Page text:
The resulting performance improvement exceeded our expectations, and pages that were taking seconds, and even tens of seconds, were being returned in less a second, usually less than 500 mS, and greatly reduced the CPU load on our SQL Server. Further performance improvements have been achieved by adding background event processing and the optimization of some expensive and heavily use algorithms, but I doubt that anything we can do will generate the improvements we obtained by using Redis.

Our current implementation use the ServiceStack Redis Client V3. We also have an implementation using the StackExchange.Redis client, but am having a few issues with this as well. I have had to look into the code to resolve a number of issues, and as any programmer would, decided I can do it better, or at least differently. This is mainly due to improvements in the C# language, such as Extension Methods. This allow me to create a small client that just sends and receives stuff to and from the Redis Server. The actual commands are implemented using Extension Methods. This eliminates the huge classes in the Service Stack implementation and some code duplication in the StackExchange implementation allowing for greater Single Responsibility of each class.

There are a number of great ideas in both of these libraries, such a ConnectionMultiplexer in the StackExchange client which allows a single socket to be shared instead of having to create a new socket connection each time one is needed access the Redis server. Something along this line will be implemented later in this article series.

The goals of this implementation are

  • Simplicity
  • Performance
  • Efficiency
  • Robustness
  • Complete Unit Testing

Redis Protocol

Clients communicate with the Redis Server using the Redis Serialization Protocol(RESP) as detailed in The Redis Protocol Specification. As the specification states:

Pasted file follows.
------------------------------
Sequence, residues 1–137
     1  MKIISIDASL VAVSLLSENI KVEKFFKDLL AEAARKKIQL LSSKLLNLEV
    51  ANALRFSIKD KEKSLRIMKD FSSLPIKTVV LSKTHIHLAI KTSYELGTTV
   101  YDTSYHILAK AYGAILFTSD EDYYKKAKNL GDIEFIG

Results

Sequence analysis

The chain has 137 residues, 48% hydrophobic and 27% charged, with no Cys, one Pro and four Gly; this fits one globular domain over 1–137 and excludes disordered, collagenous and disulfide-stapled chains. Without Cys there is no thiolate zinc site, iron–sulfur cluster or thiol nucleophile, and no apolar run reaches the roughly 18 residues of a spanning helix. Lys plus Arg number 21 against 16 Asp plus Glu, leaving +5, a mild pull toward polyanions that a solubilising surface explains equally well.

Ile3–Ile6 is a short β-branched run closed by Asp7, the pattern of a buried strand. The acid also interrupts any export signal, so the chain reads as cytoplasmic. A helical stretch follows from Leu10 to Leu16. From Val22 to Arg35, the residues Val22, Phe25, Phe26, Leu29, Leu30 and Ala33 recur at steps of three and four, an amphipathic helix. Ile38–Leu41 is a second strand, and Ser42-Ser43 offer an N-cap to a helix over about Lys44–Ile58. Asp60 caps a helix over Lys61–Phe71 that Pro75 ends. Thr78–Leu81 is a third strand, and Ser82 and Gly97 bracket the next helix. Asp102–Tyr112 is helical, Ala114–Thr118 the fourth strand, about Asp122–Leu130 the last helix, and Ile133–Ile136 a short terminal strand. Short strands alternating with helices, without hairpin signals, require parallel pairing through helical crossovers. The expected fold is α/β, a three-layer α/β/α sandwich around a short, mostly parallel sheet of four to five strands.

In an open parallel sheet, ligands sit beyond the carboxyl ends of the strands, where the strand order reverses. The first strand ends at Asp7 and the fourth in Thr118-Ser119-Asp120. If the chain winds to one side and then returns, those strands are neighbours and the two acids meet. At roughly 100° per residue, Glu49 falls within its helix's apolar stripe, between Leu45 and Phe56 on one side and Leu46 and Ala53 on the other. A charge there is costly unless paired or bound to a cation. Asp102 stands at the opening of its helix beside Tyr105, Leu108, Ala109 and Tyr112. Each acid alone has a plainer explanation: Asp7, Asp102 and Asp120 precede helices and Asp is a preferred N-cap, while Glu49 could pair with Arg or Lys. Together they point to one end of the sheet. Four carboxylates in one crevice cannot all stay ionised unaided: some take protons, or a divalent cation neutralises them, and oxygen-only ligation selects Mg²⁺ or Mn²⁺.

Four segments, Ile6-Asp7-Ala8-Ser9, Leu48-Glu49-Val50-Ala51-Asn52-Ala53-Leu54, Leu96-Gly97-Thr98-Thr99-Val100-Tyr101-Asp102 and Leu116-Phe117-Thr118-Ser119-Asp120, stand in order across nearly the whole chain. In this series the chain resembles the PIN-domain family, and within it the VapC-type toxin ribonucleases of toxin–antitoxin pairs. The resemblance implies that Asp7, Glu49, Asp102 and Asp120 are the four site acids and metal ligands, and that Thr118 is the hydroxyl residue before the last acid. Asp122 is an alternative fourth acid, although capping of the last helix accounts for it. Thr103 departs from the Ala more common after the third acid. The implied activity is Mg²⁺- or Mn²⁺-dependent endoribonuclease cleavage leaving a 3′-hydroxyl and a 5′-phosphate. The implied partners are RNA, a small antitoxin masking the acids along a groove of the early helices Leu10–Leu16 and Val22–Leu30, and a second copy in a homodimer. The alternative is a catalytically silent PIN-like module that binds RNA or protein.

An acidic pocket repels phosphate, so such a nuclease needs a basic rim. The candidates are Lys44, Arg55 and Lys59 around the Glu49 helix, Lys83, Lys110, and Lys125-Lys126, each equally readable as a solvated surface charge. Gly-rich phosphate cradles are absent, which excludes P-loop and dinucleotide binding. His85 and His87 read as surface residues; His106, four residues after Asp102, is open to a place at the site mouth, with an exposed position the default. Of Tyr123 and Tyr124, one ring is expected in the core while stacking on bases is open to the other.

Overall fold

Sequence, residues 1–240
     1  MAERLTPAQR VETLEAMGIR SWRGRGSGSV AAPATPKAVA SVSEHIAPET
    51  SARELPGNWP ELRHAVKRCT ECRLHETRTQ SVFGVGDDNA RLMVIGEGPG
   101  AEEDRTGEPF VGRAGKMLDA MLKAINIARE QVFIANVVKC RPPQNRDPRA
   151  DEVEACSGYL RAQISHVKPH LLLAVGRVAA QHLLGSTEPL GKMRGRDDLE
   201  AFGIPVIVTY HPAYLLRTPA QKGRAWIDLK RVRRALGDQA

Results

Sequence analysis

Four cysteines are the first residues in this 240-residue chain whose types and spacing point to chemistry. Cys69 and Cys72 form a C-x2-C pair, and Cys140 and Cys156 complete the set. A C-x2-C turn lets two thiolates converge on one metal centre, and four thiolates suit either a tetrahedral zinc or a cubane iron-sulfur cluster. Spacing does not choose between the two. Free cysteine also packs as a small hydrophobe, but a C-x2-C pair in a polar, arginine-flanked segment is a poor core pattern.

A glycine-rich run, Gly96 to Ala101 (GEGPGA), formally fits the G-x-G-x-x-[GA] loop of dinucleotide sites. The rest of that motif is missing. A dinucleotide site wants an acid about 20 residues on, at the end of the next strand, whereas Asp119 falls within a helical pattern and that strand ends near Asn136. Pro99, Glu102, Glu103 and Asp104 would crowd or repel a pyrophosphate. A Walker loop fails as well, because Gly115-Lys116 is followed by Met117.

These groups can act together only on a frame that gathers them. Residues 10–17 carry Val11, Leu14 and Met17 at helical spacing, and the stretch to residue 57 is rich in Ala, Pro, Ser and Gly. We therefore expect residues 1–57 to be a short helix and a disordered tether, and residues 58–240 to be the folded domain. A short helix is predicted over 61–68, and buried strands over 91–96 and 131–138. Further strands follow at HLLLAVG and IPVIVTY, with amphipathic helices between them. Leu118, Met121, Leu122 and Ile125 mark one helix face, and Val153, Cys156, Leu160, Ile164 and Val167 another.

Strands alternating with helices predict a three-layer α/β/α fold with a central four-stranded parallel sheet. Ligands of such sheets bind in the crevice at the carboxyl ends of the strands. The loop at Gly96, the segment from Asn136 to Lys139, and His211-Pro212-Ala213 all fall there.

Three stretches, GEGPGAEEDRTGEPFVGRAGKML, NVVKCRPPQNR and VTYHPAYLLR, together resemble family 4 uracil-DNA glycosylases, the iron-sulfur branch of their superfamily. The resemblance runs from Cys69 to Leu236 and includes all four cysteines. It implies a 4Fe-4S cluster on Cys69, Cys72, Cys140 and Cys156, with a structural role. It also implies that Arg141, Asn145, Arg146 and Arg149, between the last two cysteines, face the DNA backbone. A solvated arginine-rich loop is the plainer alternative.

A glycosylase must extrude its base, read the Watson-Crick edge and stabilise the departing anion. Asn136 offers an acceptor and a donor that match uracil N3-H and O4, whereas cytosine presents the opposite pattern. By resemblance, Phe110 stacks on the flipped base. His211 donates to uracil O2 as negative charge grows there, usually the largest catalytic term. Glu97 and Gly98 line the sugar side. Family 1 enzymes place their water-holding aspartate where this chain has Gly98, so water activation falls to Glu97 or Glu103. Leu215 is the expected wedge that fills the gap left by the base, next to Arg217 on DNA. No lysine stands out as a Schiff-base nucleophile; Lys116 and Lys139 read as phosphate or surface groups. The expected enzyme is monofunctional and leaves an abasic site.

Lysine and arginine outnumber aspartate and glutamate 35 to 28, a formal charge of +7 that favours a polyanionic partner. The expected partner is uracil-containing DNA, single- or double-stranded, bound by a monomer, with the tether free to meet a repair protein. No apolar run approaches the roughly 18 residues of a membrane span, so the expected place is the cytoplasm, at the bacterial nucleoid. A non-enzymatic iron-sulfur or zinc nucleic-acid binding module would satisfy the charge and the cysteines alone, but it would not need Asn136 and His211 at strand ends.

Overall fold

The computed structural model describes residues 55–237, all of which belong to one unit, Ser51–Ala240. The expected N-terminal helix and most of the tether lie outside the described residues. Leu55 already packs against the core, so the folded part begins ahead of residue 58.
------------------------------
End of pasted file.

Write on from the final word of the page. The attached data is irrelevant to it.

Redis clients communicate with the Redis server using a protocol called RESP. (Redis Serialization Protocol). While the protocol was designed specifically for Redis, it can be used for other client-server software projects.

RESP is a compromise between the following things:

  • Simple to implement.
  • Fast to parse.
  • Human readable.

RESP can serialize different data types like integers, strings, arrays. There is also a specific type for errors. Requests are sent from the client to the Redis server as arrays of strings representing the arguments of the command to execute. Redis replies with a command specific data type.

RESP is binary-safe and does not require processing of bulk data transferred from one process to another, because it uses prefixed-length to transfer bulk data.

Rather than go into detail about the protocol, I'll leave it to the reader to reference the specification if you need to clarify anything about what I am doing. It's small, simple, and easy to understand. I'll explain the specific protocol details when I explain the code that uses them.

Software Design

The magic of the Pipelines based Socket Transport is a which exposes the PipeReaders and PipeWriters for a pair of Pipes. One Pipe, the OutputPipe, transfers data from the Application to the Transport while the other, the InputPipe, transfers data from the Transport to the Application.